Here we are, 23 days off the shortest day of the year and in the late autumn phase. The daytime temperature has dropped to the mid teens celsius and we even had a light frost this week. But we are lucky here that our light levels during the day don’t drop much. It just gets dark earlier.
We never get that grey, leaden look of spent perennials and patches of dark green that characterise many gardens in colder climates, let alone the blanket of white snow many northern countries experience. But neither are we tropical. I have busted out my thermals already. In self-defence, we do not retire indoors as the temperature drops and we are out and about in the garden in all but the worst weather.
The luculias are in flower. Rangy and frost tender these plants may be, the scent is divine and the flower heads are large and attractive balls of colour well into winter. My favourite is the almond pink of ‘Fragrant Cloud’. Unfortunately, they don’t hold well when picked but we keep our house at a warm temperature in winter that is not conducive to any garden flowers holding well indoors.
Also rangy and frost tender, the enormous, evergreen tree hydrangea is in full bloom. Walking past it on sunny days, the hum of honey bees is not quite deafening but certainly on track in that direction. As the plant is about 5 metres tall and currently sporting so many blooms on the sunny side that the foliage is barely visible, it can accommodate a whole lot of honey bees at a time when other food sources are less abundant. Last I heard, this unusual Chinese hydrangea is thought to be a member of the aspera group.
Nearby, still in the woodland area we call the Avenue Garden, I like this seasonal composition with the red form of Cordyline australis x banksii, the hanging chalices of the tree dahlia D. imperialis (another rangy, frost tender plant), the cerise of the enormous bougainvillea, blue flowered plectranthus and Luculia ‘Fragrant Cloud’ on the right.
Out in the rather wilder margins of Mark’s vegetable garden (which we never open to public view because while he is a productive gardener, he is also very messy in this area), the Ammi majus flowers on. I liked the mix of wildflower, the cloche and the communion of our two new ladders which Lloyd was using in tandem at the time.
In still wilder margins, this scene was the coming together of a United Nations of self-seeded plants – the nikau palms from NZ, Montanoa bipinnatifida otherwise known as the Mexican tree daisy,and the yellow mahonia which may or may not be Mahonia japonica from Japan.
Back in the more cultivated areas of the garden, many vireya rhododendrons are blooming. These are the subtropical rhododendrons – so frost tender and generally pretty sensitive – and tend not to be longlived. Their flowering is triggered by day length, not temperature, so they bloom intermittently but autumn and spring are the main seasons. We have some dead specimens we are removing now and Mark is doing a cuttings round to propagate an ongoing supply. But this specimen, this one is defying that tendency to whiff off and die. It is the very plant that Felix collected from the highlands of New Guinea in 1957 and the start of his breeding programme – R. macgregoriae.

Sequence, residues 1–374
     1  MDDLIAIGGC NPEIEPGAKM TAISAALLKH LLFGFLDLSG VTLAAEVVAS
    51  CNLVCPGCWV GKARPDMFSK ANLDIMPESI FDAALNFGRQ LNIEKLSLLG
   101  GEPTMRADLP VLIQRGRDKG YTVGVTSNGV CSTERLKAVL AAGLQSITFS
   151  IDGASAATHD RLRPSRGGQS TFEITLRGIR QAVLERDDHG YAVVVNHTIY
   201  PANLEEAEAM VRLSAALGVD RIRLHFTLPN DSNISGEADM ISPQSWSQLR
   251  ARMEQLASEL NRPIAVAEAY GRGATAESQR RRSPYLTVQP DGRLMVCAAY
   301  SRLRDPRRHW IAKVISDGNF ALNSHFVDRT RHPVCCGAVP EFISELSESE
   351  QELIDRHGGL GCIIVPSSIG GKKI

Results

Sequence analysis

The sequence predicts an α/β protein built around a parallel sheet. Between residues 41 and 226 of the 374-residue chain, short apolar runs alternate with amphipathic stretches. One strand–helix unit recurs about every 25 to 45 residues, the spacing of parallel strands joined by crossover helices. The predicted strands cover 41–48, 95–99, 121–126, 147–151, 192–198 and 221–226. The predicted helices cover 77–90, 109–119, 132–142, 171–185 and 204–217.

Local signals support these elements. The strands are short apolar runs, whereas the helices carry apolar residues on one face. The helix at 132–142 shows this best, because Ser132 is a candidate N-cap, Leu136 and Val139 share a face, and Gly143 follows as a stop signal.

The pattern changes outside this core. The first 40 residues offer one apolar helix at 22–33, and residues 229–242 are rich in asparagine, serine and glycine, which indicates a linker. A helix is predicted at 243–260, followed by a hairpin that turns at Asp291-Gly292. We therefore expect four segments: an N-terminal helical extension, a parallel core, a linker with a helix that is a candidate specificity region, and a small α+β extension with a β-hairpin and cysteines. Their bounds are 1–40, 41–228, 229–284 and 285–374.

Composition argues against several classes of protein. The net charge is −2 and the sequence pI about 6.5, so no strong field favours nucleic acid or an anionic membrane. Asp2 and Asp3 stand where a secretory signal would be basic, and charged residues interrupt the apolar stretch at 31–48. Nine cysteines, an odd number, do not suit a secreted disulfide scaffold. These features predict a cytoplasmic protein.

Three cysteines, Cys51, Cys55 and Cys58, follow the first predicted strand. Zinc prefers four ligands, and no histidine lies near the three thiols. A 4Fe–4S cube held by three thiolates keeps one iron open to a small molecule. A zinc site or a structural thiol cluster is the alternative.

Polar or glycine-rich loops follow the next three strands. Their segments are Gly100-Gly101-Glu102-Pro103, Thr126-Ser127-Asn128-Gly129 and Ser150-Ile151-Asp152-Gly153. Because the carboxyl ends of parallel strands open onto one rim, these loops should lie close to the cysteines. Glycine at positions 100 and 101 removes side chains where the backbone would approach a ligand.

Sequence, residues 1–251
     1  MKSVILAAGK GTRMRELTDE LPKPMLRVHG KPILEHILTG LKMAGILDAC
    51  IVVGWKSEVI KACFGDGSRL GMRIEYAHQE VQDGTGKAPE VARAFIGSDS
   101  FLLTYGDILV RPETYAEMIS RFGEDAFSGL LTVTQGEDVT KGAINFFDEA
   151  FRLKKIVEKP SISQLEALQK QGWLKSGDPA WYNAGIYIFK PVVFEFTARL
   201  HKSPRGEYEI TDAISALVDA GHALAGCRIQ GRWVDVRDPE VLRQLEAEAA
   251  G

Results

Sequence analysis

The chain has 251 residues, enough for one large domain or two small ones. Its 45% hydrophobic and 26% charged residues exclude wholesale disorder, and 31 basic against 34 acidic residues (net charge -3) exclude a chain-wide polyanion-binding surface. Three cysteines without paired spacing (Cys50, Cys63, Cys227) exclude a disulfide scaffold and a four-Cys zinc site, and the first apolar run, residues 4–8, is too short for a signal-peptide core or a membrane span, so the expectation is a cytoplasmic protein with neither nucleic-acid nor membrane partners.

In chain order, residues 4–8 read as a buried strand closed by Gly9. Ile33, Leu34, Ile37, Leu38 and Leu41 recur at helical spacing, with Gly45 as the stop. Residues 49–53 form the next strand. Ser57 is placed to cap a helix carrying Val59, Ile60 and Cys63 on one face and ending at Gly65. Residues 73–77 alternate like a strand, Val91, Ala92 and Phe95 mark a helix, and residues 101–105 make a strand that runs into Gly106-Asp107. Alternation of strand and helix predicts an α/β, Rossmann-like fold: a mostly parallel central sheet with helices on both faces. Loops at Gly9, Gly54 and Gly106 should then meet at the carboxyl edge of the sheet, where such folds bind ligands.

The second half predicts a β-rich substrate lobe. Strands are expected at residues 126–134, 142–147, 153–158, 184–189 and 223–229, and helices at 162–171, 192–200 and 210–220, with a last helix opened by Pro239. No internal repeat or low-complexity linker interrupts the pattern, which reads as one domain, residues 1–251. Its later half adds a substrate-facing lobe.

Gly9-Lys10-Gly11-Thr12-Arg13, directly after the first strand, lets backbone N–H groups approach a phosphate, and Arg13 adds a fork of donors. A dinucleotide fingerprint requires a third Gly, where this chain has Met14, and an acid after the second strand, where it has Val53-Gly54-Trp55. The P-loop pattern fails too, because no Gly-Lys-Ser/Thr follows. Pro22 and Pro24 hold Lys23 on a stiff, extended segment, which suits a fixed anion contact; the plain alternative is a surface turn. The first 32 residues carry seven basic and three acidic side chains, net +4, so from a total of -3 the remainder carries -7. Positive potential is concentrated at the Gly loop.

Autumn is sasanqua camellia season, now my favourite group of camellias. For years the NZ sasanqua market was completely dominated by consumer demand for white sasanquas – it may still be the case but I am out of touch with commercial production these days. We have plenty of different white sasanqua varieties in the garden but they do not spark joy for me in the way the coloured options do. This one is pretty ‘Elfin Rose’, seen here with the last nerines of the season, N. bowdenii at its feet.
It is not just flowers giving colour. While autumn colour is patchy and extended over a long period of time because we move so gradually from late summer to autumn to winter, the maples and some of the prunus give a pretty display.
Finally, in a sign of how our seasons lack the sharp demarcations of colder climates, the first magnolias are already opening. I follow a Facebook page for magnolia enthusiasts that is heavily dominated by mad keen magnoliaphiles from northern Europe. They are still posting photos of late season blooms opening on their spring magnolias. Meanwhile, as far away as we can get across the world, the Magnolia campbellii in the Anglican churchyard of my local town of Waitara is already open with a score or more blooms.
Here, we are looking at the first flowers open already on ‘Fairy Magnolia White’, the first of the michelias of the new season to bloom. As we are in the last gasps of autumn, these early magnolias are a reminder that spring is not far away.